Friday, 7 May 2010

Unit Editions - Adrian Shaughnessy and Tony Brook

After meeting
Adrian Shaughnessy, myself and fellow class mates attended his and Tony Brooks talk regarding their recently published book Studio Culture. I was unaware of the book until a number of colleges introduced me to their copy. Although I was only able to have a quick look through it, I was intrigued to know about how and why it was produced. As Adrian had published a number of books in the past (including How To Be a Graphic Designer Without Loosing Your Soul), I was certain Studio Culture was an important booklet to my collection. As the talk began, Tony Brook introduced himself and explaind a brief background to his working history. He explained that he was fascinated with graphic design and feels inspired and motivated by just talking about the subject.

In his words, Tony described himself as a ''Design Addict''. Tony was co founder and creative director for design studio Spin, which is now highly regarded as one of the best agencies in the country. He explained that he has always felt upbeat and highly motivated with a book. The design and feel of a particular paper weight or how the cover is printed inspired him greatly towards publication. Tony explained while designing the book Logo, Spin had lost profit when being published. Tony felt this was a learning curve but was intrigued to produce more publications.

Adrian began to explain his background and how his involvement with Tony had begun. Co founder of Intro in 1989, the London based agency had mainly worked on Music sleeves. Clients such as Bobby Newton, Fabric and Depeche Mode helped Intro become a high class agency. After fifteen years, Adrian had got restless and explained that he found it difficult to work on projects with guidelines and demands from other people. Adrian explained ''I got frustrated with no information to people on the grubby areas in design. What do I do if a client hates six weeks of work and refuses to pay?'' After publishing his first book Sampler: Contemporary Music Graphic, he then went on to publish How To Be A Graphic Designer Without Loosing Your Soul.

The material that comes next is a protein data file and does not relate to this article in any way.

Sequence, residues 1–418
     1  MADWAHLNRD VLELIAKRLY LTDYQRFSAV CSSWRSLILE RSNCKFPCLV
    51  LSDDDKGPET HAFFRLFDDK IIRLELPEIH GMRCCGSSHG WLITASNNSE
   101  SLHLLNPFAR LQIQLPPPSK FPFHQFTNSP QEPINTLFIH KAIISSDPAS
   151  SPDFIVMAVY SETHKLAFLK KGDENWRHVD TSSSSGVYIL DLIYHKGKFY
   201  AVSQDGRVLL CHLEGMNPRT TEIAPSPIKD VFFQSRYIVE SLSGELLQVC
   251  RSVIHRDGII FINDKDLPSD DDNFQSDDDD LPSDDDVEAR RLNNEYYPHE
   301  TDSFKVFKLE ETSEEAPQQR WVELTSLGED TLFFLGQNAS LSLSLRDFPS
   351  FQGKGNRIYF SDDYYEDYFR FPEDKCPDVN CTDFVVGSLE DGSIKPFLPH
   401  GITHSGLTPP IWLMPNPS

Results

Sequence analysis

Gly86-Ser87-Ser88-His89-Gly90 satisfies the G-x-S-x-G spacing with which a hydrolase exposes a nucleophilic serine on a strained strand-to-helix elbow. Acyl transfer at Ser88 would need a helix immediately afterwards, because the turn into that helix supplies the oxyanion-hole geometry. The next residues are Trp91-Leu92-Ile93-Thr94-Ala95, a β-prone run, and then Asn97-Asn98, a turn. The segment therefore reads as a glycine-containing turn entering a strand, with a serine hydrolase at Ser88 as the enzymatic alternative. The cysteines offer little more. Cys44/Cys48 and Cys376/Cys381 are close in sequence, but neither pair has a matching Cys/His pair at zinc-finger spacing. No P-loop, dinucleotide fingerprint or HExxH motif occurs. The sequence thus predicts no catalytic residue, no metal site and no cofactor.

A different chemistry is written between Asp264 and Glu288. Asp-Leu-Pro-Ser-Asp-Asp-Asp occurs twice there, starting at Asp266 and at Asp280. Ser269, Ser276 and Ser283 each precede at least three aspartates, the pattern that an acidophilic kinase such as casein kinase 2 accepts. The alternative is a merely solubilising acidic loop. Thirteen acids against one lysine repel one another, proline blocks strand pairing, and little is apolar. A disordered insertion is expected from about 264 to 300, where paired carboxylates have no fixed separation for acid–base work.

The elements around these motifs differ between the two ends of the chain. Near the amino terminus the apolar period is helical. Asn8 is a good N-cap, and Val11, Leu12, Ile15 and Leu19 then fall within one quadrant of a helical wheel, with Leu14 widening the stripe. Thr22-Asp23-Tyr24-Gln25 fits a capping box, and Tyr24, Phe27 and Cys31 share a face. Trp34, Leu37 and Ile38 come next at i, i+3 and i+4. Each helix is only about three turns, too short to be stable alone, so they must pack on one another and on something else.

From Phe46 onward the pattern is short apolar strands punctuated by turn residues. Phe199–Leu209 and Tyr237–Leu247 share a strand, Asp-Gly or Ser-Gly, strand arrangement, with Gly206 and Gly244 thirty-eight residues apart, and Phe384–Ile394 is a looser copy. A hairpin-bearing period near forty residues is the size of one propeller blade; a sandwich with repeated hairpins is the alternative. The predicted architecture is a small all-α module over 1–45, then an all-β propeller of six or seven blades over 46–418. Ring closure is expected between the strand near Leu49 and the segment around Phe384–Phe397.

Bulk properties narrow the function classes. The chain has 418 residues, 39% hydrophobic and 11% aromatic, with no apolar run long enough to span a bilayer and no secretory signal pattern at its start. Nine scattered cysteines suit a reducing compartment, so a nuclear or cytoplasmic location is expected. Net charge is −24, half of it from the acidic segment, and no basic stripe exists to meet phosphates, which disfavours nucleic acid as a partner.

As both Tony and Adrian had relative careers, they had ironically met in a pub, which led to them both discussing publication and the areas they could both explore. From here, Unit Editions was slowly coming together. They explained the book is about how studios all around the world are organised differently. They document twenty eight leading studios with interviews from creative directors and designers and the book documents how studios work and how organised they are within deadlines and dealing with briefs. Unit Editions , founded by both Adrian and Tony are currently developing more books to be published in the future.

Adrian Shaughnessy - Q and A

Around two weeks ago, D&AD announced that graphic designer and writer Adrian
Shaughnessy was holding a talk at the Printworks in Manchester. Before hand, it was arranged by design agency Thoughtful for twelve students to attend a forty-five minute question and answer session at a local bar. As Adrian arrived, their was a great anticipation for what his advice would be from our questions at hand. The experience of meeting an inspirational figure for everyone involved was a great opportunity I was looking forward to it. Adrian began by talking about students getting a job and what next steps to take when leaving university. He advised that contacting agencies, sending letters, making personal phone calls for a one to one chat and perfecting e-mails was just the first steps towards gaining an interview.